6.851 Advanced Data Structures (Spring12)
Prof. Erik Demaine
Problem 10
Sample solution
Compact balanced parentheses.
1. Construct a graph G with a vertex for each block, and an edge between the the block contain
ing each parenthesis and the block contain
6.851: Advanced Data Structures
Spring 2010
Lecture 19 April 15, 2010
Prof. Erik Demaine
1
Overview
This lecture is an interlude on time travel in data structures. Well consider two kinds of time-travel (temporal) data structures, based on the two leading
6.851: Advanced Data Structures
Spring 2010
Lecture 18 April 14, 2010
Prof. Erik Demaine
1
Overview
In the last lecture we introduced Euler tour trees [3], dynamic data structures that can perform link-cut tree operations in O(lg n) time. We then showed h
6.851: Advanced Data Structures
Spring 2010
Lecture 17 April 8, 2010
Prof. Erik Demaine
1
Overview
Last lecture we covered dynamic trees, also known as link-cut trees. Link-cut trees are able to represent a dynamic forest of rooted trees in O(log n) amort
6.897: Advanced Data Structures
Spring 2007
Lecture 16 Feb 21, 2007
Prof. Erik Demaine
1
Overview
In the last lecture we worked in a BST model. We discussed Wilber lower bounds for BSTs for a particular access sequence, and developed Tango trees which a
6.851: Advanced Data Structures
Spring 2010
Lecture 14 March 30, 2010
Prof. Andr Schulz e
1
Overview
In the last lecture we covered the Separator Decomposition, which rearranges any tree into a balanced tree, and the ART/leaf-trimming Decomposition, which
6.851: Advanced Data Structures
Spring 2010
Lecture 13 Thursday, March 18, 2010
Prof. Erik Demaine
1
Overview
This lecture covers two methods of decomposing trees into smaller subtrees: Separator Decompo sition and ART / leaf-trimming-decomposition. The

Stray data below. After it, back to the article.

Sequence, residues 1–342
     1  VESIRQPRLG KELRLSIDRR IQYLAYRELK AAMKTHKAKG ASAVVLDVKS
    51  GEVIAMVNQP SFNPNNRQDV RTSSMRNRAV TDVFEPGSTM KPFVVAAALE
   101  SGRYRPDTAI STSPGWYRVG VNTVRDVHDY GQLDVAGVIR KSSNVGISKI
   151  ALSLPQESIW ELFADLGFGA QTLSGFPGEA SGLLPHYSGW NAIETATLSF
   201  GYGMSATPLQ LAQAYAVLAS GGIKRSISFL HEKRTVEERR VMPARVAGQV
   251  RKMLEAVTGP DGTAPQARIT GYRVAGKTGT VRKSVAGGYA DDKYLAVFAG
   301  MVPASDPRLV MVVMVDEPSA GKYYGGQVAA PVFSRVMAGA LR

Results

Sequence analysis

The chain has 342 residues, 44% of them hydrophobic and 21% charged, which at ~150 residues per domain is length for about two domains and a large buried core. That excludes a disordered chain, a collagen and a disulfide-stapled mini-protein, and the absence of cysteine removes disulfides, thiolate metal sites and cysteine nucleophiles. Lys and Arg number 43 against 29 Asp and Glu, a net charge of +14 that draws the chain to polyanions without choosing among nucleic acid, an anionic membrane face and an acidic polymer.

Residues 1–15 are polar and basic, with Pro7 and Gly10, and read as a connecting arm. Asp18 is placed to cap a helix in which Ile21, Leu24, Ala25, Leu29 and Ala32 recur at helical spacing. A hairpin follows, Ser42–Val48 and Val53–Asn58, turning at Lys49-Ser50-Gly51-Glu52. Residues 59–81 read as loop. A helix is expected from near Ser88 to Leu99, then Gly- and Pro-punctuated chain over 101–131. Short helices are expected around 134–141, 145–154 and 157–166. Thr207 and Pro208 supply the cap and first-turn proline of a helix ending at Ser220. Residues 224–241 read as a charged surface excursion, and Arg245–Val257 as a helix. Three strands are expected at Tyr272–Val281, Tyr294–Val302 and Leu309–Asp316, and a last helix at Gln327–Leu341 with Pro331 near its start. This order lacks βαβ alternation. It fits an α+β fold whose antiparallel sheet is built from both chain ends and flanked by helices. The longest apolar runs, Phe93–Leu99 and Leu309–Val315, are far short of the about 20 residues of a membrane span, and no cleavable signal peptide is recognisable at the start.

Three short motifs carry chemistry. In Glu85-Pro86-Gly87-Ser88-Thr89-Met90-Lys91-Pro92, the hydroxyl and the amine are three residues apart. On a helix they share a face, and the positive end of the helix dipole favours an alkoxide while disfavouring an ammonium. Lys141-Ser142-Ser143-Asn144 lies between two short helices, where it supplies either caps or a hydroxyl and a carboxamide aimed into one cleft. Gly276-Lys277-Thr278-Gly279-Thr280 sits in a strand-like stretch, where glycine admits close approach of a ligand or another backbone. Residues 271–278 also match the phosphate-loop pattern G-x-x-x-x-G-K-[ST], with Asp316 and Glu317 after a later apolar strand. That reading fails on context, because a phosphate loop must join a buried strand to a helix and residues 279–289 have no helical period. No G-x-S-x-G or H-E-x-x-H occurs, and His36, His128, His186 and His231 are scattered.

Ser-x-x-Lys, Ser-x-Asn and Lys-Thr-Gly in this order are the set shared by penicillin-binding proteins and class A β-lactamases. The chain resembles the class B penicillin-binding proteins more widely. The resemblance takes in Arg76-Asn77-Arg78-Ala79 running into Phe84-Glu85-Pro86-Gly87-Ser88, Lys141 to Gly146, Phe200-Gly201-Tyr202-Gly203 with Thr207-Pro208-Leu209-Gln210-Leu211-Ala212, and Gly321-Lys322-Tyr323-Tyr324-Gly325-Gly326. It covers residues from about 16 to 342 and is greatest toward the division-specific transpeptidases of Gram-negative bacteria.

6.851: Advanced Data Structures
Spring 2010
Lecture 12 March 16, 2010
Prof. Erik Demaine
1
Overview
In the last lecture we covered the round elimination technique and lower bounds on the static predecessor problem. In this lecture we cover the signature s
6.851: Advanced Data Structures
Spring 2010
Lecture 11 Mar 11, 2010
Prof. Erik Demaine
1
Overview
In the last lecture we covered static fusion tree. A data structure storering n w-bit integers that supports predecessor and successor queries in O(logw n) t
6.851: Advanced Data Structures
Spring 2010
Lecture 10 March 8, 2010
Prof. Erik Demaine
1
Overview
In the last lecture we covered van Emde Boas and y -fast trees, integer data structures which support insert, delete, predecessor, and successor operations
6.851: Advanced Data Structures
Spring 2010
Lecture 9 March 4, 2010
Dr. Andr Schulz e
1
Overview
Last lecture we dened the Least Common Ancestor (LCA) and Range Min Query (RMQ) problems. Recall that an LCA query asks for the deepest node in a given rooted
6.851: Advanced Data Structures
Spring 2010
Lecture 20 22 April, 2010
Prof. Erik Demaine
1
Memory Hierarchies and Models of Them
So far in class, we have worked with models of computation like the word RAM or cell probe models. These models account for co
6.851: Advanced Data Structures
Spring 2010
Lecture 21 27 April, 2010
Prof. Erik Demaine
1
From Last Lecture. . .
In the previous lecture, we discussed the External Memory and Cache Oblivious memory models. We additionally discussed some substantial resul
6.851: Advanced Data Structures
Spring 2010
Lecture 22 April 29
Prof. Erik Demaine
1
Overview
Up until now, we have mainly studied how to decrease the query time, and the preprocessing time of our data structures. In this lecture, we will focus on mainta
6.851 Advanced Data Structures (Spring12)
Prof. Erik Demaine
Problem 9
Sample solution
String matching. Construct a compressed sux trie over S = S1 $1 S2 $2 , and then trim below
$1 so that all leaves are either $1 or $2 . The construction takes O(|S1 | +